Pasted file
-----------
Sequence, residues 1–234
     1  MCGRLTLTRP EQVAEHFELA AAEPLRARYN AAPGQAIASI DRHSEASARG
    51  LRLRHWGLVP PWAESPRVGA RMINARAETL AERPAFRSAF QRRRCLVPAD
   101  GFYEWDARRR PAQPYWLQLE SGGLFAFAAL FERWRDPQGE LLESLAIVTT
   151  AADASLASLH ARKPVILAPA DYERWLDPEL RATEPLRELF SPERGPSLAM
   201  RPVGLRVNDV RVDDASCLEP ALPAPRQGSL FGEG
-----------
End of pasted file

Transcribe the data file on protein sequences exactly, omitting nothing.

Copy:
Sequence, residues 1–234
     1  MCGRLTLTRP EQVAEHFELA AAEPLRARYN AAPGQAIASI DRHSEASARG
    51  LRLRHWGLVP PWAESPRVGA RMINARAETL AERPAFRSAF QRRRCLVPAD
   101  GFYEWDARRR PAQPYWLQLE SGGLFAFAAL FERWRDPQGE LLESLAIVTT
   151  AADASLASLH ARKPVILAPA DYERWLDPEL RATEPLRELF SPERGPSLAM
   201  RPVGLRVNDV RVDDASCLEP ALPAPRQGSL FGEG